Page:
No harm in the GAA blowing its own trumpet when the occasion demands it
The GAA faces a bit of competition on Saturday night so why not take it on?
Dublin taking on Tyrone under lights at Croke Park. Photo: James Crombie/Inpho
Marketing occupies a specific space within the GAA, somewhere between the dismissive point on the spectrum where putting the best foot forward or trying to promote yourself is regarded as suspiciously boastful and the other extreme, where the practice is seen as black arts, a means of convincing people that sows’ ears are silk purses regardless of the plain evidence.
The former can be seen whenever a disciplinary outrage takes place and the delinquent party or parties ascribe the fuss to the malign appetites of the media. Whatever about the rights and wrongs of individual incidents, the idea that misbehaviour adversely affects the GAA’s reputation – to however limited an extent – is ignored.
The latter tendency is frequently seen in relation to the Railway Cup: if only it was marketed properly people would clamour to see it. The reduced state of the inter-provincials have been contrasted with the booming attendances at International Rules tests – regardless of spectators’ inclination to watch one and not the other. The marketing myth in this respect evaporated only comparatively recently and then, ironically because despite the usual level of marketing, the quality of International Rules matches became poorer and less competitive with the inevitable result that people stopped attending in large numbers.
Marketing pops up this week because unusually the GAA has a bit of competition for hearts and minds this Saturday with the rerun of last year’s All-Ireland final between Dublin and Mayo taking place in Croke Park at the same time as the top-of-the-table Celtic League rugby fixture between Leinster and Munster across the city.
Irish rugby’s in buoyant shape at the moment in the aftermath of a Six Nations championship victory and the abiding friction between the two provinces lends added edge to the encounter. Yet the match has still been vigorously promoted until it sold out the venue.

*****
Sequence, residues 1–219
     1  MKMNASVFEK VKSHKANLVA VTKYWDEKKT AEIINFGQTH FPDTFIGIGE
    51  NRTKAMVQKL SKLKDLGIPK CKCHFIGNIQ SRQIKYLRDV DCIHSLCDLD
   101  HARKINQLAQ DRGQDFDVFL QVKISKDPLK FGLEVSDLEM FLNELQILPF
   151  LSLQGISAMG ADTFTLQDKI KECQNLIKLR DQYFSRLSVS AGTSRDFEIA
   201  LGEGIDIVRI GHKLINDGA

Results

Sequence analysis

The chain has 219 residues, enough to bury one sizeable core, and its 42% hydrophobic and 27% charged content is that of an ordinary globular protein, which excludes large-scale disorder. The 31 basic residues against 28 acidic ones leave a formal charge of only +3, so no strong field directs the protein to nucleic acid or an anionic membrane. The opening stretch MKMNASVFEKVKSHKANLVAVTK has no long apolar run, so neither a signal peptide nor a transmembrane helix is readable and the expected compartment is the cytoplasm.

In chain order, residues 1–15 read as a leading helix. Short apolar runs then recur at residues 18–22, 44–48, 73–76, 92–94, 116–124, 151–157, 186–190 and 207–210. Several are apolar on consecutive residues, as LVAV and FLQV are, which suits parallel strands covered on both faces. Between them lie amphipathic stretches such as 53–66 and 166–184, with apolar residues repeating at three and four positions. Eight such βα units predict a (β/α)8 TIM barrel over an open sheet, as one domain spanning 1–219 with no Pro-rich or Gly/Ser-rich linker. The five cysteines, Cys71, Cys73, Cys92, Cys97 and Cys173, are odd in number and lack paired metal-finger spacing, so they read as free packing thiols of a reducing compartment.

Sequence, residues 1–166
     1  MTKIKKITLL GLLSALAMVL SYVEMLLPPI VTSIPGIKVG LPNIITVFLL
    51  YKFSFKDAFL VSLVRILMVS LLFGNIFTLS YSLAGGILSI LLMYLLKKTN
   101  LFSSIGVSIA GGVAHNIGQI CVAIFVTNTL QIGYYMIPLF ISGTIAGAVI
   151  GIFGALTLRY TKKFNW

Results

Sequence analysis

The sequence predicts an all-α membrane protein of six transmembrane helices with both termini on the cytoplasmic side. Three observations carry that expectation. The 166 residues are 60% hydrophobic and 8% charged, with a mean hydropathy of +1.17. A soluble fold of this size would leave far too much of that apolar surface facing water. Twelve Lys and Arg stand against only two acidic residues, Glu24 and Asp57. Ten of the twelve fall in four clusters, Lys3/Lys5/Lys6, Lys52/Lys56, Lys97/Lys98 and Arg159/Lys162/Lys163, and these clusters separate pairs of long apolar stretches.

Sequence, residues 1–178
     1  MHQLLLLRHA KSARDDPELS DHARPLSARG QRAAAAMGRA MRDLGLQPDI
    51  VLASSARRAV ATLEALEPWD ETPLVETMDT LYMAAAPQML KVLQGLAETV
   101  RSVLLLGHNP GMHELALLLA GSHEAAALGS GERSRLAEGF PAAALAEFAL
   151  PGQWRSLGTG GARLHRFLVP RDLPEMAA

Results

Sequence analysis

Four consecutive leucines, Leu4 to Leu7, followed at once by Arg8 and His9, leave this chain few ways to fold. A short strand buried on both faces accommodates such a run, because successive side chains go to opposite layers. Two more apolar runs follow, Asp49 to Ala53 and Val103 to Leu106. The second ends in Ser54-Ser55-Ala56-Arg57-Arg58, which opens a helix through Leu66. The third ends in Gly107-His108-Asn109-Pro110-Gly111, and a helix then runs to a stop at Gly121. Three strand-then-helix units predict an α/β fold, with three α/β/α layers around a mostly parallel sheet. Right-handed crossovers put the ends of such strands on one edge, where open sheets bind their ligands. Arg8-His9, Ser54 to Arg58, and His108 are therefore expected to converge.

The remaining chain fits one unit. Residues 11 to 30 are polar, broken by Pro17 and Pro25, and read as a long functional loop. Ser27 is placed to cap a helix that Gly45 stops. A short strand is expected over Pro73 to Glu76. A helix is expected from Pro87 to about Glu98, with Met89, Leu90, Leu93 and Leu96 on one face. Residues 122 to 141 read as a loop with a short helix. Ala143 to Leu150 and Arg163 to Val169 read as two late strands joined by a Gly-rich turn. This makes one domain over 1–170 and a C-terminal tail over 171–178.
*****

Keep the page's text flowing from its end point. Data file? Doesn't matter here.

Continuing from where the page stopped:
By contrast the meeting of Dublin and Mayo – a rivalry that has encompassed four knock-out matches (including the recent club final between St Vincent’s and Castlebar) in national competition with the past 18 months or so – has had a muted drum roll. A modest radio campaign this week is the extent of it.
Dublin rent Croke Park and any promotional work is really up to the county although the ads for Saturday have come out of the league’s national marketing budget as support for one of the competition’s most attractive fixtures.
But overall the national budget is stretched because 32 counties are in action and 16 fixtures are taking place each weekend.
Within the GAA, marketing is marketing but not always as we know it. That’s because as an amateur sports association it lacks the clarity that commercial imperatives bring to the promotion of big events. It’s not that the GAA is incapable of marketing something. Peter McKenna, the association’s commercial and stadium director won the Marketer of the Year award last December in recognition of campaigns for both on-field events and Croke Park.
But it isn’t always obvious what the GAA needs to sell. When there is a singularity of purpose – the prioritising of attendances at championship matches in recent years is a good example – the results are positive.
Since the recession the crowds at summer events have held steady but that outcome had to be worked on with promotional pricing of tickets and more advertising.
Yet this is not the priority all of the time. Inter-county competition may be the biggest platform the GAA has at its disposal but it’s not the sum total of the association’s activities. Television exposure was cut back in recent years because the impact on local club matches was becoming a problem. There is an ongoing battle within counties between the needs of ordinary recreational players and the elite level of senior inter-county competition.
Multi-eligibility of players means that club championship activity has to wait on the availability of players involved with the inter-county panel.
The GAA oversee a chaotic calendar in which players of a particular age can end up on numbers of teams that go into double figures. This weekend the hurling quarter-finals have crashed into the penultimate series of football league matches and a number of counties are double booked in venues far removed from each other.
Cork and Dublin, who would have been able to design attractive double bills, ended up being drawn away from home in the hurling.
It is however possible to appreciate the difficulties involved in promoting stand-alone fixtures and at the same time believe that a fixture like Saturday evening’s, which has been set in stone since the start of the year could have been made a special case, particularly given the competition in Ballsbridge.
In 2007 and ’09, the GAA filled Croke Park for Dublin-Tyrone league matches because a marketing campaign went into the first night of respectively, the stadium floodlights and the GAA’s 125th anniversary. Sometimes it’s a good idea to boast.